Forbes: Why Don’t Social Media Companies Stop Violent Imagery?. “The intense media coverage this past week of the so-called ‘Facebook killer’ drew attention once again to the horrific ways in which social media platforms can provide a global audience to people who wish to do themselves or others grievous harm and indeed begs the question of whether in the absence of such instant fame would at least some of these acts have been prevented?”
BBC: ‘Facebook killer’ Steve Stephens found dead after car chase. “A man suspected of randomly shooting a grandfather and posting video of it to Facebook has taken his own life. Police tracked down Steve Stephens after he was spotted by employees at a drive-thru McDonald’s in Pennsylvania, who stalled his order and rang 911.”
NBC News: Crackdowns on Social Media Accounts Backfire by Driving up Demand. “Facebook shut down as many as 30,000 fake accounts in the past week — but that’s unlikely to hurt the multi-million-dollar spam industry. In fact, since Facebook’s post-election housecleaning, it’s become even more lucrative for spammers to pump out ‘inauthentic accounts.’ The asking price on the black market for 1,000 fake accounts used to be $20, but security changes by the social network giant only succeeded in driving up prices.”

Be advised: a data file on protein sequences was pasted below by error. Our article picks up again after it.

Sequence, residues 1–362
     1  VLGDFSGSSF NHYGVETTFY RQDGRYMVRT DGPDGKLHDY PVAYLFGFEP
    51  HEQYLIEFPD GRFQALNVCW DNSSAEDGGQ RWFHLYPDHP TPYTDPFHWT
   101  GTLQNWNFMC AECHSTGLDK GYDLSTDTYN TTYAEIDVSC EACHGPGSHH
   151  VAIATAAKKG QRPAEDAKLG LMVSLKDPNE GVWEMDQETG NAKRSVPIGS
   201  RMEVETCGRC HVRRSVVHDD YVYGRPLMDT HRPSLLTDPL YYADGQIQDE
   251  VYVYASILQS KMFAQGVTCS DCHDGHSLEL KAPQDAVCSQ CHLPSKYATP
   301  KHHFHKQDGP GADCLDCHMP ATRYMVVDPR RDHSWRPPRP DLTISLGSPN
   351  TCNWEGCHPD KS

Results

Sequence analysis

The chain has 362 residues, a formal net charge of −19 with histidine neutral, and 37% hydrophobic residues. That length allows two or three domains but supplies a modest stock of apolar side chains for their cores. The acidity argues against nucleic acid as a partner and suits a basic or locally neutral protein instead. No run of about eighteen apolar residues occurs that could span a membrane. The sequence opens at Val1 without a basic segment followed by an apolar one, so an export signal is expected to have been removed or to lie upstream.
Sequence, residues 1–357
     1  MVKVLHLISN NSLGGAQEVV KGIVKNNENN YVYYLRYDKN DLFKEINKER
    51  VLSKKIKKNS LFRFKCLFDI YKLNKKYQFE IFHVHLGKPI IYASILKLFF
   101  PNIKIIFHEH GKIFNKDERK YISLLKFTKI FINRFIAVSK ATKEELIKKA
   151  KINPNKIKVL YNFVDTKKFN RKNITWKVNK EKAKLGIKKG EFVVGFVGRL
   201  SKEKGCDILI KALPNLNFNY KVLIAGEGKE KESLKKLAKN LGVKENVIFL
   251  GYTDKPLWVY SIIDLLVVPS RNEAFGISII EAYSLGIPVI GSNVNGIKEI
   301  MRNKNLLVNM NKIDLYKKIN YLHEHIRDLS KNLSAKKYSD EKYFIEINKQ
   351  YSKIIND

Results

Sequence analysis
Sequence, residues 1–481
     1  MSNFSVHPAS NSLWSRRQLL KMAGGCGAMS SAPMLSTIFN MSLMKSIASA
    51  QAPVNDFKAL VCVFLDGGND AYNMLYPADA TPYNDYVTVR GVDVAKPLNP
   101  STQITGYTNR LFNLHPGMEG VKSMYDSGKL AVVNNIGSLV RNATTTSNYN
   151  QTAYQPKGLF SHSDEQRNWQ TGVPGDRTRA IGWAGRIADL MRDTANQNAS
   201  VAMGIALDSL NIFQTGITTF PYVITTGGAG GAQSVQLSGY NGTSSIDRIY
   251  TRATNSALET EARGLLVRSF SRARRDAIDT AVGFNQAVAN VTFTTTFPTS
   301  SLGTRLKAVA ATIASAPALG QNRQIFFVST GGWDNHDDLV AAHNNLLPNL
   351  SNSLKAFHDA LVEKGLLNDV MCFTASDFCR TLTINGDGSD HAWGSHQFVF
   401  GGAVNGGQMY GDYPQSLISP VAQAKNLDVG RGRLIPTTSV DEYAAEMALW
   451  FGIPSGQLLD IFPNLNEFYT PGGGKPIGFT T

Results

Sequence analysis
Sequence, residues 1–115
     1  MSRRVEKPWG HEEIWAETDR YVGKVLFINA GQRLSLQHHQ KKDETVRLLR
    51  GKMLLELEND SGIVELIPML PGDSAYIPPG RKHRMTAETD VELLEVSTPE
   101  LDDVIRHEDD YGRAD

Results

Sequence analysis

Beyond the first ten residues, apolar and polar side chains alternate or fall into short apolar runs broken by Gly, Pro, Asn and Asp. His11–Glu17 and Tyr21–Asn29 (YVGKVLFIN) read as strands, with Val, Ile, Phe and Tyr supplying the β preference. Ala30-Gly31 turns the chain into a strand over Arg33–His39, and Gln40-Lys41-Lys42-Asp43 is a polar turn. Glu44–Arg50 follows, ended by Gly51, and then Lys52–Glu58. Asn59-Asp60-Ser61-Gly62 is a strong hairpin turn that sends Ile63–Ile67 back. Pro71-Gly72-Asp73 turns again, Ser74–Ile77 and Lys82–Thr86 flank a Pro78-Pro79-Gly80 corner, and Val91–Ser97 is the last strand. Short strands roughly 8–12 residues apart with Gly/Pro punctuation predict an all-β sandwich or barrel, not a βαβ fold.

Gizmodo: Police Searching for This Man Who Allegedly Posted a Murder Live on Facebook. “The Cleveland Police Department is searching for a man named Steve ‘Stevie Steve’ Stephens in connection with the murder of an elderly man that was broadcast live on Stephens’ Facebook page. In earlier posts, he claimed to be perpetrating an ‘Easter day slaughter.’ “
Gizmodo: How to Spot a Link You Shouldn’t Click On. “Even as our tech gets increasingly sophisticated and intelligent, sometimes it’s falling for the oldest tricks in the book that breach the security walls we’ve put in place—like clicking on dodgy links or shady attachments that we shouldn’t. You don’t have to get tripped up by these simplest of scams though, if you know what you’re looking for.” Covers lots of scenarios, though I would have liked more external tools.
MIT Technology Review: The FBI Shut Down a Huge Botnet, but There Are Plenty More Left. “Last Friday, at the request of the FBI, Spanish police officers arrested Russian hacker Peter Levashov while he holidayed in Barcelona with his family. The reason: Levashov is thought to be better known as Peter Severa, a cybercriminal who controlled the Kelihos botnet. Now, the Justice Department has announced that at the time he was seized the FBI simultaneously began the task of dismantling his nefarious creation.”
State Scoop: Portland’s new crime map shows how far data transparency has come. “Cities once merely dumped their data online without a plan. Today, portals like this one are shaping policy and guiding grander designs in community engagement and policing.”